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Personally, I think it works pretty well myself and certainly better than what we had before (not that I had first hand experience). The constitution isn't exactly a contract between the states and the federal government so much as it is a charter, if you will, that establishes the form of the federal government. Lots of countries have federal countries, like Mexico, Germany and Switzerland. They only became noteworthy, for want of a better word, when the nation was recongized as being greater than the sum of the separate states. Of course, not everyone sees it that way.

Frankly, however, countries that don't have a federal system don't seem to be any worse than the ones that do. The Confederacy was of course a federal system in which the states seems to have more importance than the nation itself, or so some thought. One even threatened to succeed!

In union there is strength. But there remains the problem of the 2nd admendment (as well as all the rest, plus the basic constituation). Some folks even think the first part of the 2nd admendment contradicts the second part. It is amusing to me how so many of those who hold the 2nd admendment so high want the federal government out of the state's affairs, and their own, while they're at it.
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Old June 5, 2010, 07:16 AM   #5
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The problem with the latest "Firearms Freedom declarations"

by various states and their politicians is 'we' are assuming the specific state will keep the state more gun friendly.... just ain't so.

I wonder how far a state would get declaring a freedom of speech / voting rights declaration and they are going to make their own rules for who can vote? I think some states did that for a number of years and then a short while back the Feds kind of nipped that one...
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Old June 5, 2010, 07:18 AM   #6
Bartholomew Roberts
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Quote:
My 1st problem is this- the 2nd amendment was passed on 15 Dec 1791, the fourteenth was passed on 9 July 1868. So what was the status of gun rights for the interim 77 years?
From Barron vs. Baltimore until the 14th Amendment, the Second was a restriction only on the federal government. After the 14th Amendment but before the doctrine of incorporation through substantive due process was created, the Second was still held to only apply to the Federal government in Presser vs. Illinois and United States vs. Cruikshank. That is the same status it holds today.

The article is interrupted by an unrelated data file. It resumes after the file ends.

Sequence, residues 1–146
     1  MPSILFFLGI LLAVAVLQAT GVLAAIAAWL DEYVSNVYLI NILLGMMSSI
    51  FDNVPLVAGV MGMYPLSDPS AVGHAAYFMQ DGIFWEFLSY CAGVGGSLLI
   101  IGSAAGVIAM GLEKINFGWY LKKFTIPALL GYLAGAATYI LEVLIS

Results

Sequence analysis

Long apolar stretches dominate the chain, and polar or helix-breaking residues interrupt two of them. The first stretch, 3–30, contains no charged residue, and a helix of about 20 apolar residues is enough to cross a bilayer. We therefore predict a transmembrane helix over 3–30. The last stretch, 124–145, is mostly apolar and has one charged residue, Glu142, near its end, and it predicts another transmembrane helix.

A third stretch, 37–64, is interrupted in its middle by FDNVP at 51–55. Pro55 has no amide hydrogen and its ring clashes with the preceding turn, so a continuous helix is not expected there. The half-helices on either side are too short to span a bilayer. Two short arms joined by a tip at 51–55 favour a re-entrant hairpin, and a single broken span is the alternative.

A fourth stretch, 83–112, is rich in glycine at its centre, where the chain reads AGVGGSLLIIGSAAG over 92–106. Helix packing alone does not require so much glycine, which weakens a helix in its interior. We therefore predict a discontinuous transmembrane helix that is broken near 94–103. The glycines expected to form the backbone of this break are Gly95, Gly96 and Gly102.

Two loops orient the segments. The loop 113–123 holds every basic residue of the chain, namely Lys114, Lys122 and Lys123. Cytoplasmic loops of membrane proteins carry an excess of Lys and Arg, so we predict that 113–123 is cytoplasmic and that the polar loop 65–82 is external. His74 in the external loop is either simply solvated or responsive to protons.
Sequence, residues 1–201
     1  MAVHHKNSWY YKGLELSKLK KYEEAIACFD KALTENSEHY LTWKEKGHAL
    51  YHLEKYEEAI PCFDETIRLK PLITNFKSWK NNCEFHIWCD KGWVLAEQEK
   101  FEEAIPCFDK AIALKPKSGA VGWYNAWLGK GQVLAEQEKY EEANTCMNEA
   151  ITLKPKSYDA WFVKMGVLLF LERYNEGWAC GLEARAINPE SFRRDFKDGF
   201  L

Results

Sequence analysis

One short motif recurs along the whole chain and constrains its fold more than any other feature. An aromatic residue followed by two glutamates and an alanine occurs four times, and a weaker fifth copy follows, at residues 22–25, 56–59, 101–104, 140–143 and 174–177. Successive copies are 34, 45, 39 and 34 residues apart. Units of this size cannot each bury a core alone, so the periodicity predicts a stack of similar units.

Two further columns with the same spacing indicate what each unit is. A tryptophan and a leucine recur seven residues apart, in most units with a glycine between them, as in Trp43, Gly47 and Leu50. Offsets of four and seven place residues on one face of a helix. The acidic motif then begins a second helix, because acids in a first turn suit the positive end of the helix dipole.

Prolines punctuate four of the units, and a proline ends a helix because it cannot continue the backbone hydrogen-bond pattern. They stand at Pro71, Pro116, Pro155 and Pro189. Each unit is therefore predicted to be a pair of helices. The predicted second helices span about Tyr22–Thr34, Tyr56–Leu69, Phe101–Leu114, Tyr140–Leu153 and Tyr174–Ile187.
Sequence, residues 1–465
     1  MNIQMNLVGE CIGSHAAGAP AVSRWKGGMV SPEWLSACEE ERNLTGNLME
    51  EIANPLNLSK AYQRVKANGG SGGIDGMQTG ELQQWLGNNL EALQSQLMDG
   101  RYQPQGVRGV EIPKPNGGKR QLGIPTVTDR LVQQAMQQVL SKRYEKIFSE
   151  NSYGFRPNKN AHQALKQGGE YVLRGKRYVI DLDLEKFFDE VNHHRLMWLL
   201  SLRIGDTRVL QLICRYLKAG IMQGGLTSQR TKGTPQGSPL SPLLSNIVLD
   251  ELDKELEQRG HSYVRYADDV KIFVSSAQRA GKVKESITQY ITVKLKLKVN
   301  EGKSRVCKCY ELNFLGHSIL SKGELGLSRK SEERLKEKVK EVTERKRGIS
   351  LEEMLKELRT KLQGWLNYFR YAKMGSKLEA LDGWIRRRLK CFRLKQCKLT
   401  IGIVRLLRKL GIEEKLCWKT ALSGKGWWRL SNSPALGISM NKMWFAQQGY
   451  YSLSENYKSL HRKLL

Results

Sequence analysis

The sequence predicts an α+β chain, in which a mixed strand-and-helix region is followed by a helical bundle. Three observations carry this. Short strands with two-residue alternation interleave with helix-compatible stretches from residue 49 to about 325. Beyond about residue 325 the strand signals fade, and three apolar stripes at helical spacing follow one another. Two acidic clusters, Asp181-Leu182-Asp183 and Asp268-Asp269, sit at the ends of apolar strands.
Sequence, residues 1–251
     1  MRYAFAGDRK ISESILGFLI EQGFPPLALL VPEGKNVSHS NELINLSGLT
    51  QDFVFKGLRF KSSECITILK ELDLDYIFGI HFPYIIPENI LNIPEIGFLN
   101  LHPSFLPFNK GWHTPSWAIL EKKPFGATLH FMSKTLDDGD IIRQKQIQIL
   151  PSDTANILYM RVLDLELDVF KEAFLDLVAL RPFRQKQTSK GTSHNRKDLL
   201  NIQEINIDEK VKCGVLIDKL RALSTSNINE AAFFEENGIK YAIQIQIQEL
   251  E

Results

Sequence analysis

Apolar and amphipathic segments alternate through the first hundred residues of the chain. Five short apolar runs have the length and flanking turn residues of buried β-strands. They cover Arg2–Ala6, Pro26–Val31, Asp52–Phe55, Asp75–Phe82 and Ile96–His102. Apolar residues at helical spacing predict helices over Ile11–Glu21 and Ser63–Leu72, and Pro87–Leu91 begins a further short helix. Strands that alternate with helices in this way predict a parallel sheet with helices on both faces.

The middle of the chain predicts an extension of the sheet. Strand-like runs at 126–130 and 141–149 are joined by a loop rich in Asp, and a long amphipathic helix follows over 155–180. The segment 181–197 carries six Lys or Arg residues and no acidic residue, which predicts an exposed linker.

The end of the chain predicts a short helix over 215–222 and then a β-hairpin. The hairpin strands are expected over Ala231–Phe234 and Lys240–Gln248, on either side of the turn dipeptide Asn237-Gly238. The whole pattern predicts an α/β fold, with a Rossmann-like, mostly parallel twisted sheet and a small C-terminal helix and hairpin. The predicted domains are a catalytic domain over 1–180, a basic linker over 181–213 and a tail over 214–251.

Quote:
Second problem. The U.S. Constitution is a "contract" between the States to create or "constitute" a federal government. The Constitution spells out what the Federal Government CAN or CANNOT do. Additionally, as a condition of ratification, the Bill of Rights (amendments 1-10) provided further limitations to the FEDERAL government.
That is one interpretation. Whether or not it is the correct one is made moot by the 14th Amendment.

Quote:
3rd problem. By saying that the 2nd amendment - by way of the 14th amendment - applies to the states, you are advocating the Incorporation Doctorine. This is exactly how the gun grabbers at the Federal level intend to trample states rights. If the federal government- by way of the 2nd thru the 14th amendment - can reach into a state and influence or even regulate gun rights, what else can they regulate? EVERYTHING. You have just opened Pandora's
This is nonsensical. The Second Amendment is a prohibition. It does not grant power to the federal government to regulate, it says only that the government (state or federal via the 14th Amendment) may not infringe on that right.

Here are soe good threads for better educating yourself on the issue:
http://thefiringline.com/forums/show...14th+amendment
http://thefiringline.com/forums/show...14th+amendment

And from another forum, here is a previous discussion on the exact same argument you make in Point #3. You might want to give that a read as well.
http://www.thehighroad.org/showthrea...14th+Amendment

Quote:
the material I wrote about can be found at www.guncite.com/2ndfou.html
That material is 100% absolutely correct. The author of that website is dead on in his legal assessments on both the 14th Amendment and a number of other issues.

Last edited by Bartholomew Roberts; June 5, 2010 at 07:26 AM.
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Old June 5, 2010, 08:59 AM   #7
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Quote:
3rd problem. By saying that the 2nd amendment - by way of the 14th amendment - applies to the states, you are advocating the Incorporation Doctorine.